Tracking UK Covid-19 cases  

September 28, 2020

Jason Oke, Daniel Howdon, Carl Heneghan

Updated 14th October:

Last week, Patrick Vallance, the Chief Scientist, said: ‘At the moment we think that the epidemic is doubling roughly every seven days.” 

Vallance said “If, and that’s quite a big if, but if that continues unabated, and this grows, doubling every seven days… if that continued, you would end up with something like 50,000 cases in the middle of October per day.

We put the doubling to the test by creating a tracker of the projection. On the 13 October, the projection was not realised as there was significant divergence in the case data with the 49,000 cases that were projected for this date. We tracked up to date to the 21 October to monitor the changes.

The 7-day moving average takes account of 4 days before and 3 days after to provide an estimate and takes into account the latest reporting – the specimen date takes 5 days to stabilise and therefore lags the current reporting by this amount.

Carl Heneghan is Professor of Evidence-Based Medicine, Director of the Centre for Evidence-Based Medicine and Director of Studies for the Evidence-Based Health Care Programme. (Full bio and disclosure statement here)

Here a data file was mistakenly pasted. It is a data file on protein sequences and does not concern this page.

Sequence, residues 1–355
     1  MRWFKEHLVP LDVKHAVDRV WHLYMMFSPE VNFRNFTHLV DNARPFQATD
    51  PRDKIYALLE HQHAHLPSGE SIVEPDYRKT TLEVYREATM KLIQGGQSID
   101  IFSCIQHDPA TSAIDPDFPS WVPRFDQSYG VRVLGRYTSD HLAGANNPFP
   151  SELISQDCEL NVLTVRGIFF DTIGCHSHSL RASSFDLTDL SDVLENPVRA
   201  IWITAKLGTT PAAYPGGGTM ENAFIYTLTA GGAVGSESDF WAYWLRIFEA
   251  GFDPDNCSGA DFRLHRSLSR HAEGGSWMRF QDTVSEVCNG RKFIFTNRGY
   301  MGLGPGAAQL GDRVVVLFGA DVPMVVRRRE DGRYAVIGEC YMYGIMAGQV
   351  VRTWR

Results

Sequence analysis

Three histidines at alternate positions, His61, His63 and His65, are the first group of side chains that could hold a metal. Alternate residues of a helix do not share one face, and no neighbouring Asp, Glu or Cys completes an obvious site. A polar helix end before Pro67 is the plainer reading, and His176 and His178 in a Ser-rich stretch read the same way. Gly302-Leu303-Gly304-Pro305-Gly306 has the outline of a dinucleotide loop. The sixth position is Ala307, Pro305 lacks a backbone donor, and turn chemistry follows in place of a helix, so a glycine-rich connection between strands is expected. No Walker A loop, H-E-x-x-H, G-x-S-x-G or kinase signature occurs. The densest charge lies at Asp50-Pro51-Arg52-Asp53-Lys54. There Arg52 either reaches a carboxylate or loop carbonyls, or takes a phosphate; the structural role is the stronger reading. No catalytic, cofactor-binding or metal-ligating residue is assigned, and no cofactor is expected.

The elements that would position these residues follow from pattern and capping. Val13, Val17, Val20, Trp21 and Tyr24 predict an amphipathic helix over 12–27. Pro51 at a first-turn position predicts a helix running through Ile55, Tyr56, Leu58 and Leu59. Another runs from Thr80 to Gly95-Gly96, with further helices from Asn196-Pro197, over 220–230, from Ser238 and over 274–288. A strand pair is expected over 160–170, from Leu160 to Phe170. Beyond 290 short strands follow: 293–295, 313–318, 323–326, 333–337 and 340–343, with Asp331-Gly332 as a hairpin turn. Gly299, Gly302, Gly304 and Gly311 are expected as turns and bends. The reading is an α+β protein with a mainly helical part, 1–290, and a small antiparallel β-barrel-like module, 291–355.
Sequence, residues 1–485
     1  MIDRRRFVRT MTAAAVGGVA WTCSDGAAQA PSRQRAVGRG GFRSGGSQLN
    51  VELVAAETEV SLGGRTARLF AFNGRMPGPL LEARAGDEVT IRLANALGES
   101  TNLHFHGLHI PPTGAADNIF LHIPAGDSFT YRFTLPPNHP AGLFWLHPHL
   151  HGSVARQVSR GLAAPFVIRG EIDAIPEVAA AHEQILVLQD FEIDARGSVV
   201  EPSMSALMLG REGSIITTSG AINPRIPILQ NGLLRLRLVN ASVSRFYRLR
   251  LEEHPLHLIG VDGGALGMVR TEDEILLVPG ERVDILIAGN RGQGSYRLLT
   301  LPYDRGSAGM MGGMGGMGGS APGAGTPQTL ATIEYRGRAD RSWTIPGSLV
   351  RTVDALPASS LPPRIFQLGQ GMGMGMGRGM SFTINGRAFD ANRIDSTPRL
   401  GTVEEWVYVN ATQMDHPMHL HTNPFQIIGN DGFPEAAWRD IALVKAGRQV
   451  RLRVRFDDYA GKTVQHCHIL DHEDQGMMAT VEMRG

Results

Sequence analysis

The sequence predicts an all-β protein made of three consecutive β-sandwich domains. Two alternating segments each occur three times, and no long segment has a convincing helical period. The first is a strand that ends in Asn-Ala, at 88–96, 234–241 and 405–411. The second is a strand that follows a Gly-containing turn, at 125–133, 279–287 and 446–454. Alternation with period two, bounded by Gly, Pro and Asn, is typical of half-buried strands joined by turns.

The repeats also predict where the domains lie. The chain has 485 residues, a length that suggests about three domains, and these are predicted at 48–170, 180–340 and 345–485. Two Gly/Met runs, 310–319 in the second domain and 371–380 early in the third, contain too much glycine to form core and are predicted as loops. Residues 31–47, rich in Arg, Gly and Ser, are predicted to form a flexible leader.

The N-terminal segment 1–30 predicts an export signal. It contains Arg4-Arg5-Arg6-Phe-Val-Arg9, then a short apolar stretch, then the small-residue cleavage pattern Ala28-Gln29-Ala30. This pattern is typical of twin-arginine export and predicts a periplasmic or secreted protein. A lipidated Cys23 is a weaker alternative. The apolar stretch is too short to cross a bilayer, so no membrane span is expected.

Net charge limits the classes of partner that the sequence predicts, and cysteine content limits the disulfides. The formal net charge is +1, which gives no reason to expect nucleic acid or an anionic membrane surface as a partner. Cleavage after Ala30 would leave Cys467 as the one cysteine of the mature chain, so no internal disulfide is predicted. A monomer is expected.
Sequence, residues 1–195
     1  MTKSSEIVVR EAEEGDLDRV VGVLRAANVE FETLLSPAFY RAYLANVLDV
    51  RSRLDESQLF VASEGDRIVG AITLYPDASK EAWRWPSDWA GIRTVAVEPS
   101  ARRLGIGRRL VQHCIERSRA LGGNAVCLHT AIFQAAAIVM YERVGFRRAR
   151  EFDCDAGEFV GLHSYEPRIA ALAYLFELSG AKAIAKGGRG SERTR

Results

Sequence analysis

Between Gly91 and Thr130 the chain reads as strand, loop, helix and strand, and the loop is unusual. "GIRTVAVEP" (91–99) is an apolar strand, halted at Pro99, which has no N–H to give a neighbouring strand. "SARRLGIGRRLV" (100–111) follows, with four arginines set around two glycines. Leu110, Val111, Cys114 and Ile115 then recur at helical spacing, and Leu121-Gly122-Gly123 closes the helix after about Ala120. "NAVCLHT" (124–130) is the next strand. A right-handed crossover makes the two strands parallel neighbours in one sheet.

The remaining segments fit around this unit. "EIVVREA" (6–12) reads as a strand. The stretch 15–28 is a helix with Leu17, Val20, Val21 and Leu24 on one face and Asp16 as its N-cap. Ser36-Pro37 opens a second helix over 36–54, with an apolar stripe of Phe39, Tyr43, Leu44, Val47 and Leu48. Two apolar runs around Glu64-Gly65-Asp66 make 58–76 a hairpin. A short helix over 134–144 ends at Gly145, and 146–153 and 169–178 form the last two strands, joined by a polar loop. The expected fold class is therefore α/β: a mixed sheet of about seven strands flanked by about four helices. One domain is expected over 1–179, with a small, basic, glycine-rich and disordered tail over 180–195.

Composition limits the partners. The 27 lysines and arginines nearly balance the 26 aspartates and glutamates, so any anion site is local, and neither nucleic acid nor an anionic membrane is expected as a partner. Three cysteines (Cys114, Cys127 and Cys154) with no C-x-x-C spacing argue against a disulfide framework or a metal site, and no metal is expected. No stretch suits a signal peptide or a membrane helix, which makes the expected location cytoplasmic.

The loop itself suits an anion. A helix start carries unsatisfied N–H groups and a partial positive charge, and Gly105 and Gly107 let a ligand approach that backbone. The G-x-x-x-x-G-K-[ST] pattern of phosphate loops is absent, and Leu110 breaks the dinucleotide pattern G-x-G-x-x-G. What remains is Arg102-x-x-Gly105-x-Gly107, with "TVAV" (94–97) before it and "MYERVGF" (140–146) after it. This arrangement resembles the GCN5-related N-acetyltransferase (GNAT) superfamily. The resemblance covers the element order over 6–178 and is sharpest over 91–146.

Daniel Howdon is a Researcher, Health Economics, LIHS UCU Department Representative, Academic Unit of Health Economics, University of Leeds. Bio here 

Jason Oke is a Senior Statistician at the Nuffield Department of Primary Care Health Sciences and Module Coordinator for Statistical Computing with R and Stata (EBHC Med Stats), and Introduction to Statistics for Health Care Research (EBHC), as part of the Evidence-Based Health Care Programme.

Disclaimerthe article has not been peer-reviewed; it should not replace individual clinical judgement, and the sources cited should be checked. The views expressed in this commentary represent the views of the authors and not necessarily those of the host institution, the NHS, the NIHR, or the Department of Health and Social Care. The views are not a substitute for professional medical advice.